|For Two Ships Charge to receive Pularoone,
|Sum Total, £.
"Besides the Loss of Pularoone, which, by a just
Compensation, is above Four Millions."
The House of Commons, upon serious Consideration
of this Business, have made a Vote; to which they desire their Lordships Concurrence.
The said Vote was read, as follows:
Vote to desire the King will take some Measures to protect Foreign Trade from the Depredations of the Dutch.
"Resolved, by the and Commons assembled in Parliament,
"That the Wrongs, Dishonours, and Indignities, done
to His Majesty by the Subjects of The United Provinces, by invading of His Rights, in India, Affrica,
and elsewhere, and the Damages, Affronts, and Injuries, done by them to our Merchants, are the
greatest Obstruction of our Foreign Trade; and that
the same be humbly and speedily presented to His
Majesty; and that He be most humbly moved, to take
some speedy and effectual Course for the Redress
thereof, and all other of the like Nature, and for
the Prevention of the like in future; and, in Prosecution thereof, they will with their Lives and Fortunes assist His Majesty, against all Oppositions whatsoever."
ORDERED, That this House agrees with the House of
Commons in this Vote.
Message to H. C. for both Houses to attend the King with it.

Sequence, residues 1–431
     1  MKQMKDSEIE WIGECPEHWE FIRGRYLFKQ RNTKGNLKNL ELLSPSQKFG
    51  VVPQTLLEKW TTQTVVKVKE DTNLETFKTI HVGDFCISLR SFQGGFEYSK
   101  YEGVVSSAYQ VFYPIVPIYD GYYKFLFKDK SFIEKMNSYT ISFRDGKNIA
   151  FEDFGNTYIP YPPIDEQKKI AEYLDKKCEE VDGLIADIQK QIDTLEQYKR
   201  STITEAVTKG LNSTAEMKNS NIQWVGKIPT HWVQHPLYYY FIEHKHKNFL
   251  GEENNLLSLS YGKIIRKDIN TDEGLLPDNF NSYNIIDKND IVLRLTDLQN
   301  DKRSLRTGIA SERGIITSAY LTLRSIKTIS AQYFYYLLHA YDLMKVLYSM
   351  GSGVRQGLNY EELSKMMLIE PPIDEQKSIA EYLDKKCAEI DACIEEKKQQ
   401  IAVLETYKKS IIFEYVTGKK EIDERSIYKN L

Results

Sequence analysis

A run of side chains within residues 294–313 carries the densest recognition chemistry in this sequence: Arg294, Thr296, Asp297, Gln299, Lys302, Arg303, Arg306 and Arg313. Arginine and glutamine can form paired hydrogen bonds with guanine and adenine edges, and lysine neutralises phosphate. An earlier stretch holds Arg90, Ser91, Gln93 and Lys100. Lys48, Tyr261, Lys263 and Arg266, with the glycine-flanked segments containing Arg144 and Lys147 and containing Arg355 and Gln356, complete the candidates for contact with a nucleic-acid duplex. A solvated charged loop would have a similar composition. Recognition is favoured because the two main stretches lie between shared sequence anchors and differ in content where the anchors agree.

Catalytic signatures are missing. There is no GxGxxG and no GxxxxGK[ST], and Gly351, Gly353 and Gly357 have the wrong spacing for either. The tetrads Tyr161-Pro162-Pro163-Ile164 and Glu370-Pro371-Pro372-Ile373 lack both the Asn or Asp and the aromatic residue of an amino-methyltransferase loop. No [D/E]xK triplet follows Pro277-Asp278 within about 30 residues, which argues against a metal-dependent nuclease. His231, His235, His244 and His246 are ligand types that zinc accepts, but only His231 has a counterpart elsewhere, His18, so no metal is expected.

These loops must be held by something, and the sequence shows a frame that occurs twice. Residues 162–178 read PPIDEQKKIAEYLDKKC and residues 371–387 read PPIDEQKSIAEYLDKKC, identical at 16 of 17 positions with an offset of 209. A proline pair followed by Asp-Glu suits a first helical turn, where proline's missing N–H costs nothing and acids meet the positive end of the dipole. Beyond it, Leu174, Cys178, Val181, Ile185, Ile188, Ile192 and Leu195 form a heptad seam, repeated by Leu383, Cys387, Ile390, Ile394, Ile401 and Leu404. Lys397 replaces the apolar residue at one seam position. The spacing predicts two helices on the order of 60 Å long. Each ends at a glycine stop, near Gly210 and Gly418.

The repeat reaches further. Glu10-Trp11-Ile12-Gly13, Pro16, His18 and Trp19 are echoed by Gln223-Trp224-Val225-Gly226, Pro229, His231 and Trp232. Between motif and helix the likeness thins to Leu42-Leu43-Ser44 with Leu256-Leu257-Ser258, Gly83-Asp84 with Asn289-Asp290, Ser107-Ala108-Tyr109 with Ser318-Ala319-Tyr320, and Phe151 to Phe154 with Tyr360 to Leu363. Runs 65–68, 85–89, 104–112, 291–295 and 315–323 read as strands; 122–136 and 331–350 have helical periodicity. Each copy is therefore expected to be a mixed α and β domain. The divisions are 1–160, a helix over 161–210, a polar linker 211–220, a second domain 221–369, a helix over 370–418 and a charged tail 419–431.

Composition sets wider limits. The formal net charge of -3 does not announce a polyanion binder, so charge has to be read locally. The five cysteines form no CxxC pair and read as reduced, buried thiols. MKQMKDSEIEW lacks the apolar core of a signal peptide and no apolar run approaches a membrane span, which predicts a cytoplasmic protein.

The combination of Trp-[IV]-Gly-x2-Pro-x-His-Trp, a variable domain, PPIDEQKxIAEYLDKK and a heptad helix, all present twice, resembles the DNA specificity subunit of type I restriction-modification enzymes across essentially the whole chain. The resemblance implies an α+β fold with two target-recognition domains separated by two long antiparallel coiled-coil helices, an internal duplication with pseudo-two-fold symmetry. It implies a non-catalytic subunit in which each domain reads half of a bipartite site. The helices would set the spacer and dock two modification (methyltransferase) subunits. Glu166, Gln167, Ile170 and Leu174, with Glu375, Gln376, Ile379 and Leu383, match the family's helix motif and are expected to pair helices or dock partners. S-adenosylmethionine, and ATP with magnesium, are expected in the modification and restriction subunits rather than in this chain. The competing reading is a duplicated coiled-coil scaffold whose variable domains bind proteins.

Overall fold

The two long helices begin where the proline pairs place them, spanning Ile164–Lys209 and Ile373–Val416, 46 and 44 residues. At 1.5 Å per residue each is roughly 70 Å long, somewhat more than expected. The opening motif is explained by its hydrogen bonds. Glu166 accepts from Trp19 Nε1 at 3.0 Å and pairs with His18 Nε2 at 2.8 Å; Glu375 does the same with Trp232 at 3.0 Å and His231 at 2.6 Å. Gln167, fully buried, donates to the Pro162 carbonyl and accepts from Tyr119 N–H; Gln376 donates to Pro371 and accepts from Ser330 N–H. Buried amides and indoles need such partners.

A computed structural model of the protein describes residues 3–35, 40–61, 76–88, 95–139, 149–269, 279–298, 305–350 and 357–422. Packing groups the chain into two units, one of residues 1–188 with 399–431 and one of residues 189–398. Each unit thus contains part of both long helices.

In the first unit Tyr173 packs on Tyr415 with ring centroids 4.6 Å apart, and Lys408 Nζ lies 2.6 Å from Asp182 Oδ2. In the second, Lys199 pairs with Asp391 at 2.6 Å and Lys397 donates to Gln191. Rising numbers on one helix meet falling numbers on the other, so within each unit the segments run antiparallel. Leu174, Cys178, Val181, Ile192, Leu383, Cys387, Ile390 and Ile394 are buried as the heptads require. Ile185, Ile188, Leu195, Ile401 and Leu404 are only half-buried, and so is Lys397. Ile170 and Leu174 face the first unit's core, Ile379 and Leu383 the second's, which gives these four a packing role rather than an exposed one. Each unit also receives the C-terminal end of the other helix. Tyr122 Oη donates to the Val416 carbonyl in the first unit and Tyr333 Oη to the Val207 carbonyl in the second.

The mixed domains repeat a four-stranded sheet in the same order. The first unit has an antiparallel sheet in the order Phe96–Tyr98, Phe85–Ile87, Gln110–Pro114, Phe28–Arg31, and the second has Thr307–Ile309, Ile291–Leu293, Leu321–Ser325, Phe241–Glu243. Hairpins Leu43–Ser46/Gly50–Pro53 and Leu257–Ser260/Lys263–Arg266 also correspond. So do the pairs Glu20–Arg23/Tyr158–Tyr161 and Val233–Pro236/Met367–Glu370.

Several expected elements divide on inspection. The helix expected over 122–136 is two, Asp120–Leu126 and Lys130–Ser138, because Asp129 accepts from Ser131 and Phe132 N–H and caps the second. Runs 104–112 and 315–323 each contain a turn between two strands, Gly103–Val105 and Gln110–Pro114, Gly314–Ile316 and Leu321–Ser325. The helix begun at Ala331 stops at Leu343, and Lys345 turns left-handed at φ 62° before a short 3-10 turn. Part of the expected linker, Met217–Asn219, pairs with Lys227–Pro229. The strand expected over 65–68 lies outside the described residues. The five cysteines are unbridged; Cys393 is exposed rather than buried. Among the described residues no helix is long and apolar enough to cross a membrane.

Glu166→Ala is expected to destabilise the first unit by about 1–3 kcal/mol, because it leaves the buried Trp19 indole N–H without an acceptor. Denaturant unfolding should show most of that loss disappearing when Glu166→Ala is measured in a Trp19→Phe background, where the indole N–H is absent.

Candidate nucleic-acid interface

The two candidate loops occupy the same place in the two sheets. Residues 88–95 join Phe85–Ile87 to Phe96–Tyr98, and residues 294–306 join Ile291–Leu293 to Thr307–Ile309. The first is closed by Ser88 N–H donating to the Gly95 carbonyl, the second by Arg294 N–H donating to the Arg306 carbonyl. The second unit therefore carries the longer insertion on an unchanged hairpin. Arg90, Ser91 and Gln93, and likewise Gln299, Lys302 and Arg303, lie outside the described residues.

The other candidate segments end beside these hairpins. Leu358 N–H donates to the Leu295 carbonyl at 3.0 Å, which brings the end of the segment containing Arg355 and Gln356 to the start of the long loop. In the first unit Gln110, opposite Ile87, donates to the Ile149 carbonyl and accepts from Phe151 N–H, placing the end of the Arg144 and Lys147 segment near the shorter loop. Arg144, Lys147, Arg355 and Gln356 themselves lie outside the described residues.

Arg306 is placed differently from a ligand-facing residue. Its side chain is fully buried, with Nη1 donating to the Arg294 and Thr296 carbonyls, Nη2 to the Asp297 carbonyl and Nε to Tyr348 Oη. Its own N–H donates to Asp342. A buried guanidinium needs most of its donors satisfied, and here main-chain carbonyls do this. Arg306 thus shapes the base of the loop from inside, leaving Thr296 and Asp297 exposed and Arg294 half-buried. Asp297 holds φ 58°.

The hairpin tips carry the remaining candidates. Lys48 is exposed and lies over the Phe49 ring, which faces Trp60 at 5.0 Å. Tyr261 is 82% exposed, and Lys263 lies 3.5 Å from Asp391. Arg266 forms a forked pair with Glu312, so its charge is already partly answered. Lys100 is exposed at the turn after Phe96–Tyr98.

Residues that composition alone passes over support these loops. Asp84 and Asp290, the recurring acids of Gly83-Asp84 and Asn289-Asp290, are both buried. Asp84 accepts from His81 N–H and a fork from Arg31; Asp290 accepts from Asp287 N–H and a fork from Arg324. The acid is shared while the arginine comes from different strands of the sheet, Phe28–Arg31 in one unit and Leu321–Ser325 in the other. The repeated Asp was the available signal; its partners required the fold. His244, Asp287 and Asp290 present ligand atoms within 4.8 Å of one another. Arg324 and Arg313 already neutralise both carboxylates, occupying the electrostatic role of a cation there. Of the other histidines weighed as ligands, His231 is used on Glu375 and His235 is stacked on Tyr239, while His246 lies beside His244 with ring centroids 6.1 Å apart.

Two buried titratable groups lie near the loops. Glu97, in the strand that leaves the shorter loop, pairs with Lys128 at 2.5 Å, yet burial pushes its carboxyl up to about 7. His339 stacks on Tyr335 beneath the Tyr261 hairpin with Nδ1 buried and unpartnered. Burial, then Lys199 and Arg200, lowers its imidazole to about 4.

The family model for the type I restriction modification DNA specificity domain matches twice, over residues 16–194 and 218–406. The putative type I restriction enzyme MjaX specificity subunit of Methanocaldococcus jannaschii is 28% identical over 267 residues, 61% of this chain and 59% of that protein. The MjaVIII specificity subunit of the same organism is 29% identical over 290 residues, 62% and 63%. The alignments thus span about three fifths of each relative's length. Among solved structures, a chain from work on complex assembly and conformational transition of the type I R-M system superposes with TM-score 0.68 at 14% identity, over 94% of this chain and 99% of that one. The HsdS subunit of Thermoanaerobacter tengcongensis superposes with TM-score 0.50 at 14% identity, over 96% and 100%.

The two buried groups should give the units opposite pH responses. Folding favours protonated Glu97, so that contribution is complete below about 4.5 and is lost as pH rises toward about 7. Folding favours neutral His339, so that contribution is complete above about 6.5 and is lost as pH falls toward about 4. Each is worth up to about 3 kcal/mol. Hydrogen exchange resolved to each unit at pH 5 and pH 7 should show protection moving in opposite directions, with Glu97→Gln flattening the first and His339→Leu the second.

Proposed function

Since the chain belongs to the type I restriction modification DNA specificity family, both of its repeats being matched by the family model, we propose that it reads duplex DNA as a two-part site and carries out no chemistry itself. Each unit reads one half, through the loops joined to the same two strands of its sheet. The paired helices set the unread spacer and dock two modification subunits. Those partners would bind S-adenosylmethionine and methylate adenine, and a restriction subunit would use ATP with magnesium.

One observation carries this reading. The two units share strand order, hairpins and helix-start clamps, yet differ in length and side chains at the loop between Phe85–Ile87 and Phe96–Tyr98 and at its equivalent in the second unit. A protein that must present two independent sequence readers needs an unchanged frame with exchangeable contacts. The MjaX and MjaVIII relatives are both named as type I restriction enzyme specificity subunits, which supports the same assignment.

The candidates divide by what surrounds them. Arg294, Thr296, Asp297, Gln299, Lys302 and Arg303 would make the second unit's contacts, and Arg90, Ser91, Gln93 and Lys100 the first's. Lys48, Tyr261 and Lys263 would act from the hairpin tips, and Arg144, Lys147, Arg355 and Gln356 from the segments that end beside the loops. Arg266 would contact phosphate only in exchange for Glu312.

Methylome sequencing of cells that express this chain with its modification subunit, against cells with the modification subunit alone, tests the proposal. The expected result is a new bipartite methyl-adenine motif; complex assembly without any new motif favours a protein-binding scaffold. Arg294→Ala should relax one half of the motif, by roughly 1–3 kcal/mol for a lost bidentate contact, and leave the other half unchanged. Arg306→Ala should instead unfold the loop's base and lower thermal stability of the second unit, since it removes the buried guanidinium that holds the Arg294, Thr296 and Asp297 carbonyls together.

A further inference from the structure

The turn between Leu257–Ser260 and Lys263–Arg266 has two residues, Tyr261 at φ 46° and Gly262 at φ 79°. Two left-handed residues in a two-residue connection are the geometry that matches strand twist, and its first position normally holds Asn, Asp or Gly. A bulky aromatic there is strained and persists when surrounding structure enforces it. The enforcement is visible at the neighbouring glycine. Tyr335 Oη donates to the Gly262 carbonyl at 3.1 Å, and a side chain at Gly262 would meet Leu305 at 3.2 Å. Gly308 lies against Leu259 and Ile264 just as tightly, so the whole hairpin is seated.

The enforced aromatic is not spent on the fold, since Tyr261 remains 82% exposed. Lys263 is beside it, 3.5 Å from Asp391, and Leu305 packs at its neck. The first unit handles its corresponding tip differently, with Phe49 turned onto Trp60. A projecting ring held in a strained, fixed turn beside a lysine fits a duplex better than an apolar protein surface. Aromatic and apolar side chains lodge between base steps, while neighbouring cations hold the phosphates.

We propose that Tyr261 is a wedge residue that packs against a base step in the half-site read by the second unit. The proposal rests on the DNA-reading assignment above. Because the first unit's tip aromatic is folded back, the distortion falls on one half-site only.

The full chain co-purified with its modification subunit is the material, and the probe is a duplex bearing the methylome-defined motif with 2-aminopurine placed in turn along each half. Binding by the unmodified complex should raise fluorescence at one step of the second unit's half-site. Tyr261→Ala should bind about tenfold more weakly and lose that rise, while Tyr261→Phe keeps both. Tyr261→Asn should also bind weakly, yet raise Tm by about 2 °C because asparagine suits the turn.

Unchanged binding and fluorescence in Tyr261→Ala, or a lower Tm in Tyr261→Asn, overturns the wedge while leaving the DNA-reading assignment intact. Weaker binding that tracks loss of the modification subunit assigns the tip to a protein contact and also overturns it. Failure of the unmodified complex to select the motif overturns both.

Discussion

A Message was sent to the House of Commons, by
Baron Atkins and Justice Tyrrell:
To let them know, that the Lords have agreed with
them in the Vote which they delivered at the Conference this Day; and that the Lords intend to wait
upon His Majesty in a Body, and desire their Concurrence in going with them in a Body, to acquaint His
Majesty with this their Vote; and that the Lords will
send to know what Time His Majesty will appoint them
to attend Him, and will acquaint the House of Commons
ORDERED, That those Committees as were appointed
to sit this Afternoon are hereby put off until Tuesday
Morning next, at Nine of the Clock.
Dominus Capitalis Justiciarius de Com. Placit. declaravit præsens Parliamentum continuandum esse usque in
diem Martis, videlicet, 26um diem instantis Aprilis, hora
decima Aurora, Dominis sic decernentibus.
Hitherto examined by us,
Howard Of Ch. Et Andever.